Has a team ever sat atop the Premier League at this stage of the season with so many question marks held against its title candidacy? Liverpool are two points clear in first place, with just six games left to play, yet so many continue to question whether Brendan Rodgers' side can actually win the title.
It's a silly question. Of course they can. As Gerard Houllier once said, Liverpool are six "games from greatness." But their title challenge is fragile and has been built on the exploits of one man: Luis Suarez. Certainly the best in the Premier League, Suarez might even be the best in the world right now. Yes, even better than Lionel Messi and Cristiano Ronaldo.
Between the Uruguayan striker, captain Steven Gerrard and Daniel Sturridge, Liverpool are being dragged to their first league title in 24 years. They are the central trio in Rodgers' dynamic and swaggering Liverpool side, taking 35 points from a possible 39 in 2014.
But as much as Gerrard and Sturridge have impressed, Suarez is the kingpin. Without him, through hypothetical injury or suspension, Liverpool's title charge would surely lose its momentum.
Suarez has already scored more league goals for Liverpool than Fernando Torres ever did. The decision to offload the Spaniard to Chelsea for £50 million, which was then partly reinvested in the £22.7 million deal for Suarez, is looking better with every passing game and every passing goal.
Liverpool have a strong tradition of celebrated No. 9s, and although he wears No. 7, the Uruguayan deserves to be ranked alongside club greats such as Ian Rush, Kenny Dalglish and Robbie Fowler.
But Suarez is so good he now transcends even Liverpool's illustrious history. He's already writing his legend in the context of the sport as a whole, and should he lead an otherwise mediocre Liverpool team to the title, he will have penned the climax to his story in English football.
Let's compare Suarez's numbers and figures for the season to that of the Big Two—Ronaldo and Messi. Of course, the latter missed a significant chunk of the campaign through injury, but even still, Suarez's goals-to-games ratio is marginally superior, scoring a league average of 1.07 goals per game, compared to Messi's 1.05 per game.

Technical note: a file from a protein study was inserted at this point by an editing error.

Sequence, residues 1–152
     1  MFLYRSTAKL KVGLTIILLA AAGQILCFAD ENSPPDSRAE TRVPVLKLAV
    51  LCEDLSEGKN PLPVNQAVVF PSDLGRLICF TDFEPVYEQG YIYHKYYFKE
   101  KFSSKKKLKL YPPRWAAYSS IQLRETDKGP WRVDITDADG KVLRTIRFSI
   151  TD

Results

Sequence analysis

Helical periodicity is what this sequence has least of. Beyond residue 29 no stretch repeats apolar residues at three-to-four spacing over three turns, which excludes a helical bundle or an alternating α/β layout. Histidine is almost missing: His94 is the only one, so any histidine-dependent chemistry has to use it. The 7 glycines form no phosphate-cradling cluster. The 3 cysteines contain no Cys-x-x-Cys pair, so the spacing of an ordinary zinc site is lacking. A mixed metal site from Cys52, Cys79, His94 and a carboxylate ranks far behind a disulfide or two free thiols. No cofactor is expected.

In the race for this season's Golden Boot, Suarez, with 29 league goals, leads Ronaldo, on 28 goals, and Messi, 23 goals. He also boasts 11 assists for the season, one more than Messi and three more than Ronaldo. Consider the quality that permeates through both Ronaldo and Messi's respective teams, and Suarez's achievements look all the more impressive.
Ronaldo can call on players such as Gareth Bale, Luka Modric, Xabi Alonso, Isco and so on to provide him with endless opportunities. The same applies to Messi, who has Xavi, Andres Iniesta, Neymar and Cesc Fabregas. Suarez doesn't have that luxury. Joe Allen, Raheem Sterling and Jordan Henderson don't really have the same gravitas.
Real Madrid and Barcelona are exceptional teams all the way through. That can't be said of Liverpool, and thus strengthens Suarez's case as the best on the planet even further.
"All season, he's been up there with Messi and Ronaldo," said Fowler following Suarez's performance against Spurs on Sunday, as per Henry Winter of The Telegraph. "He's scored more than they have, which is crazy. He deserves to be ranked alongside them. He's special."
For some it's still difficult to appreciate Suarez, even when presented with his undeniable brilliance. His chequered past and disciplinary record don't just taint the opinion of rival fans but that of neutrals too. Many will never see him as anything other than a volatile and unpredictable pantomime villain.
Yet he has been embraced by the Anfield faithful since having his head turned by Arsenal and the allure of immediate Champions League football in the summer. Suarez is no longer pouting and preening at Arsene Wenger, but considering the year he's enjoying, the 27-year-old will hardly need attract further attention to himself when the summer transfer window opens.
Suarez has become Europe's best all-round striker. He always possessed a rapid turn of pace, squirming trickery and an innate audacity, but he has added a sharp cutting edge and goalscoring consistency to his game under Rodgers' mentorship.
Indeed, Jamie Carragher admitted on Sky Sports' Monday Night Football that, having shared a dressing room with Suarez for a year-and-a-half, it is a "slight surprise" to see how far he has progressed in the space of the last 18 months.
Rodgers says Suarez is on track to become football's first £100 million player, but of course, for the striker to be anointed as such, he would have to be sold. And that would completely undermine all that Liverpool have achieved this season.
Liverpool must keep hold of Suarez. They might have the best player in the world on their hands.
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